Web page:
Harvest water during this rainy season, Kenyans advised

    Basic Rainwater Harvesting Components
    Basic rainwater harvesting components. PHOTO/COURTESY: ccwater.com

    The country’s leading Water and Energy Solutions Company Davis & Shirtliff is calling on all Kenyans to prepare for the short rains that have begun in different parts of the country and focus on water harvesting.

    This comes after the Kenya Meteorological Department recently sent out an advisory to Kenyans on the short rains expected in the last leg of the year.

    The weatherman cautioned that the short rains may come with flooding for some parts of the country and with it the risk of water borne diseases and mudslides. It is clear that the anticipated rains are here if the last rainy days are anything to go by.

    “With the recent advance advisory from the weatherman, Kenyans need to focus on preparing for the short rains. The Meteorological Department predicted that some parts of the country such as North Eastern will be dry in the month of December. The rains therefore offer a great opportunity to harvest water for the dry spell,” Davis & Shitliff’s Chief Executive Officer (CEO) David Gatende said.

    Mr Gatende speaking on the importance of water harvesting in this rainy season pointed out that harvested rain water can be used for non-portable purposes such as washing dishes, flushing toilets and irrigation among others.

    He added that: “It is however still possible to use the same water for drinking and cooking if it has been effectively treated. Some parts of the country have challenges accessing clean drinking water but the rains present an opportunity to these communities that have access to portable containerized water treatment units.”

    The Davis & Shirtliff’s CEO said that history has shown that there is a need for the country to invest in water harvesting infrastructure as exemplified by Australia.

    He pointed out that a report by the United Nations Environment Programme details how some countries around the world have reduced their water consumption through rain water harvesting. In Singapore, almost 86 percent of the country’s population lives in high-rise buildings. Collected roof water is kept in separate cisterns on the roofs for non-portable uses.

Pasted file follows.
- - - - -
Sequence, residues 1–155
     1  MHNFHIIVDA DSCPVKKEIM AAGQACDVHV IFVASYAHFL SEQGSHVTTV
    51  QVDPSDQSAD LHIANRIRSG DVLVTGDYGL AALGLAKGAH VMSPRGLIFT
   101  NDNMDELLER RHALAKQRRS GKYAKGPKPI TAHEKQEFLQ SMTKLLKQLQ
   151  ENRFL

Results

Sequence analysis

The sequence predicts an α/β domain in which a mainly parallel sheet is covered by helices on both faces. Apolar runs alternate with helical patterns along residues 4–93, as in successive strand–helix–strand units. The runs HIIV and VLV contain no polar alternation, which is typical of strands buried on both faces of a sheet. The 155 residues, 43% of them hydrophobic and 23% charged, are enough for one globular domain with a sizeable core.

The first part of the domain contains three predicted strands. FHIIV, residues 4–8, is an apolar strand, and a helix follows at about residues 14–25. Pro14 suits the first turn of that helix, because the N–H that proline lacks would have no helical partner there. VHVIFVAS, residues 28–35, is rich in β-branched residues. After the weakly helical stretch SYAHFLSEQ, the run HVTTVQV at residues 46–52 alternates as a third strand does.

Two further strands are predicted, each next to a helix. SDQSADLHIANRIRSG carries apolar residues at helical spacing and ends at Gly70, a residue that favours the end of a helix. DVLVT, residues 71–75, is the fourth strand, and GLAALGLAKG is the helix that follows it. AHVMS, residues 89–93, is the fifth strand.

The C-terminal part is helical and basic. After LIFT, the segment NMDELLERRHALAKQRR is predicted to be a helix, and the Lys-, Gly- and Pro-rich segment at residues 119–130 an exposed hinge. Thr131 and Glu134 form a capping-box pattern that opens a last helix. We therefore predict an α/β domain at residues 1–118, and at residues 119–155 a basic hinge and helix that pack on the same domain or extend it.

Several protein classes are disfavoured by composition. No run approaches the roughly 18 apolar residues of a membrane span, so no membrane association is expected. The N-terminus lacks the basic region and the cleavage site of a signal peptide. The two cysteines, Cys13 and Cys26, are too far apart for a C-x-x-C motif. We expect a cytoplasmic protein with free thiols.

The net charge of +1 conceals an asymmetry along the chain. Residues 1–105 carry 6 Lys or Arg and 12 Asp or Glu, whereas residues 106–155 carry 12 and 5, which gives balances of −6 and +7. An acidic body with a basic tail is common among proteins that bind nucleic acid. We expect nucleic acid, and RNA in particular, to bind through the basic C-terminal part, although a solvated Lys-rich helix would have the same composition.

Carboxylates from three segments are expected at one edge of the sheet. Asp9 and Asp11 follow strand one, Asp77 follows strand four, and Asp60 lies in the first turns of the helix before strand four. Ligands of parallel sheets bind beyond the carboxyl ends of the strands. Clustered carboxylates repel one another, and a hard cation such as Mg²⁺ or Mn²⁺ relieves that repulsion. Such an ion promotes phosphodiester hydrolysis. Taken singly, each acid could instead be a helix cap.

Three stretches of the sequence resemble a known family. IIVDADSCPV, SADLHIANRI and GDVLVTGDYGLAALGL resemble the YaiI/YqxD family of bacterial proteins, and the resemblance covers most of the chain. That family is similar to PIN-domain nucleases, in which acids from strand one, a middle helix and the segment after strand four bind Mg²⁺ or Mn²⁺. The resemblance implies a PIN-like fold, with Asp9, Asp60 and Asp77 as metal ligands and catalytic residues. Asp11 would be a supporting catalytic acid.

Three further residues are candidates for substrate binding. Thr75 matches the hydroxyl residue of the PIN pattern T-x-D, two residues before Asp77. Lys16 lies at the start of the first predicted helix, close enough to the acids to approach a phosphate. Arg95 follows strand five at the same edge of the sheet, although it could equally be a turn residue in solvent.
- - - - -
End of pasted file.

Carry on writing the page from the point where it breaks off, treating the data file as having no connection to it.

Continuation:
He expounded that similarly at Changi Airport, the water is used primarily for non-portable functions such as fire-fighting drills and toilet flushing. Such collected and treated water accounts for 28 to 33 percent of the total water used, resulting in savings of approximately S$ 390,000 (Sh28,617,371.05) per annum.

    “We lose too much water to surface run-off; with the right measures therefore, Kenyans can reap the benefits of the rains and not dwell on the negative aspects that may accompany the rains. For example, it is important for Kenyans to learn the benefits of water harvesting and borrow a thing or two from countries such as Singapore,” Mr Gatende said.

    This will be the second time this year that the country will be receiving above average rainfall which, if the long rains experienced earlier in the year are anything to go by, Kenyans need to be prepared for both positive and negative side effects.

    The heavy rains experienced earlier in the year brought with them much suffering with disasters such as the Solai Dam tragedy where tens of people died when a dam burst its banks destroying both lives and property. More lives were lost with flash floods sweeping the country in addition to outbreak of water borne diseases such as cholera and typhoid.

    By the beginning of June this year when we last experienced heavy rains, the United Nations in a report said over 800,000 Kenyans had been affected by the floods with the death toll at the time standing at 186 people. This was compounded by the outbreak of cholera and typhoid in different parts of the country. A report by the UN said that from January of this year to the end of April, 2,943 cholera cases had been reported in 15 counties and 55 deaths recorded.

    Mr Gatende however emphasized that water borne diseases even during flooding can be avoided.

    “To be cautious, Kenyans can treat drinking water with chlorine tablets or opt for purified water if they suspect their source of water such as a borehole or water tank may be contaminated,” he said.

    He pointed out that boiling drinking water will also go a long way to avert any risks of consuming contaminated water. Earlier in the year, an advisory was sent out that Kenyans should exercise caution if they notice that ground or surface water is discolored in any way.


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